Marriage

It is not your love that sustains the marriage, but marriage that sustains your love.”― Dietrich Bonhoeffer, Letters and Papers from Prison.

The Church has a rich tradition in its teaching on sacramental marriage and covenantal union. The Old Testament authors write of God making a covenant with the chosen people and promising them that they will never be forsaken. The New Testament authors write of Jesus as the new covenant and compare the relationship of Jesus with the Church to the relationship of a husband and wife.

Getting Married at Our Lady’s

Congratulations if you are thinking of getting married, this is a great time in your life and as a parish we would like to celebrate this new beginning with you.

There is a one day marriage preparation course.  There will be a few meetings with the priest to get to know you better and plan the wedding. You may have a Nuptial Mass (without Holy Communion) or a Wedding Service. Contact the Parish Office to make an appointment to discuss dates and other arrangements.

Difficult Questions

Some questions divorced Catholics ask about their status

Q: Can a divorced person receive Holy Communion?

A: Yes, a divorced person who is not remarried is in a situation similar to that of a priest or nun: a single person in the Church with full rights and duties except for the right to enter a new marriage.

Q: Is a divorced person ex-communicated from the Church?

A: No. A Catholic is not ex-communicated when he/she is divorced. However, the right to enter a new marriage must be obtained from the Church.

Q: Does that mean the Catholic who has remarried outside the church can receive Holy Communion too?

A: No. Even though a remarried Catholic is not ex-communicated, it does not mean that he/she can receive Holy Communion. They must first obtain the right to enter a new marriage from the Church.

 

What is marriage?

A: The Catholic Church understands marriage as an enduring and exclusive partnership for the giving and receiving of love and the generation and upbringing of children. Through their mutual consent, the man and the women give themselves to each other in total commitment for the whole of their lives, thereby undertaking the rights and obligations of marriage. For those who have been baptised, a valid marriage is also a sacrament. The Catholic Church also teaches that every sacramental marriage that has been consummated is indissoluble. This is the presumption in every such marriage.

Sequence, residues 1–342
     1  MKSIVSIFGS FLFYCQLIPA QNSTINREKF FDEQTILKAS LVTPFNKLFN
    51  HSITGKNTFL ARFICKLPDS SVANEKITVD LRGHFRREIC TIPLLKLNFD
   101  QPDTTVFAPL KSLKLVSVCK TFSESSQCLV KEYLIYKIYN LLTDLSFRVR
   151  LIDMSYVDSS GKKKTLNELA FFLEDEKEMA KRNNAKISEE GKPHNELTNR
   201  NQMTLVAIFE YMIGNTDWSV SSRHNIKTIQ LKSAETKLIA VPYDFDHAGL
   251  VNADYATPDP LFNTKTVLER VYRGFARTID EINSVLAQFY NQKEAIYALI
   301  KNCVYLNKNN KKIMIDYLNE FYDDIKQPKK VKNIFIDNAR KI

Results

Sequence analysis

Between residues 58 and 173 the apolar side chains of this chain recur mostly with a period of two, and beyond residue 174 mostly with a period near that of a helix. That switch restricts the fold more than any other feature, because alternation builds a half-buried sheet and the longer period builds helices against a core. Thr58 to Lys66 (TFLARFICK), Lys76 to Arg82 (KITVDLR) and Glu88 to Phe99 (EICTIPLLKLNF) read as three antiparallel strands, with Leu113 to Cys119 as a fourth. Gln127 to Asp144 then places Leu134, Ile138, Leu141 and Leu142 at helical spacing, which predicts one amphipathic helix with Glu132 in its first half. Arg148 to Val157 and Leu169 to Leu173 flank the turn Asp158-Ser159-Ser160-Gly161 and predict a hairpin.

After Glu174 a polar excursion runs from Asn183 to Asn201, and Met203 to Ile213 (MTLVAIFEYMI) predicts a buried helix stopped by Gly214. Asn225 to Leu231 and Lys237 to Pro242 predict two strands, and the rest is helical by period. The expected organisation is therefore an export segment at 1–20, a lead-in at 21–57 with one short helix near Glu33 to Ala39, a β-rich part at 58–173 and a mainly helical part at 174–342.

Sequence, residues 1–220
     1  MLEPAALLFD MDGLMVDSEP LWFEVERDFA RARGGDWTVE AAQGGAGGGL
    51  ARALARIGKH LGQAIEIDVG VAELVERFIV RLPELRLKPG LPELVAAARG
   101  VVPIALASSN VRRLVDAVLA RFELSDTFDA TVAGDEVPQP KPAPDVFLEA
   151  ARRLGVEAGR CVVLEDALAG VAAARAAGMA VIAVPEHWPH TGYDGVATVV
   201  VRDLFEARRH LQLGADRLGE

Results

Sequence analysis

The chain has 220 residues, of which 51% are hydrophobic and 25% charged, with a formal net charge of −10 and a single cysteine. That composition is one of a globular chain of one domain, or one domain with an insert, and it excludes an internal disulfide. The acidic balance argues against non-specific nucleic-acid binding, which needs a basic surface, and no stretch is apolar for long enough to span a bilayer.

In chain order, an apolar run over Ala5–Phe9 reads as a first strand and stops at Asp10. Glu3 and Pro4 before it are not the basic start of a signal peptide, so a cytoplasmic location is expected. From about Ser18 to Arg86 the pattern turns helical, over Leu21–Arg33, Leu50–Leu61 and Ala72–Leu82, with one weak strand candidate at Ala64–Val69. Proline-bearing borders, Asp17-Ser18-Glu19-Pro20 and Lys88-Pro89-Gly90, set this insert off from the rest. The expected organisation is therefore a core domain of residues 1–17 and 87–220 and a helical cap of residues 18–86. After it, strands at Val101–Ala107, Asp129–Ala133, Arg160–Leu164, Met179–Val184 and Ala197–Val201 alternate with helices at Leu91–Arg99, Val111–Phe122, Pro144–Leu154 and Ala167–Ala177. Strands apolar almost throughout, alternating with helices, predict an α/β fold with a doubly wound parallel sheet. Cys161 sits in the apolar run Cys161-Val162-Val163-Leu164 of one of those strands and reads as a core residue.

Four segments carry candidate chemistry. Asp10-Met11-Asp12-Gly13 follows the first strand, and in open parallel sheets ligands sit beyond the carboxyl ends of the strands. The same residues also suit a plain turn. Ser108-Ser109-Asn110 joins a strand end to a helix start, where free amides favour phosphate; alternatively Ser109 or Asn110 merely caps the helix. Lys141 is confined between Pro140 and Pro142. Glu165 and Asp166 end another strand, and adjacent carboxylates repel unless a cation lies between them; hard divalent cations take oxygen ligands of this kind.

How then is an annulment possible?

A: In every presumption the opposite may be true. If sufficient evidence can be shown that a particular marriage is invalid, the original presumption no longer holds.

A couple entering marriage must have the right intention and mind so that their consent to each other can genuinely produce the reality of a true marriage. They must also be capable of creating and sustaining the marriage relationship. When it can be proved that no true consent was given or that there was an inability to undertake and carry out the obligations of marriage, then the Church may declare a marriage null and void. This statement by the Church that a marriage was invalid from the beginning does not deny that a real relationship existed, nor does it imply ill-will or moral fault. Rather, it is a statement by the Church that, from the beginning, the relationship fell short of at least one of the elements for a binding marriage.

If you having difficulty in your marriage, you are very welcome to speak with Fr Stephen. he can listen to your concerns and also direct you to others sources of help and support.  

If your marriage has broken down and you think that you have grounds for an annulment, please speak with Fr Stephen who can help you through the process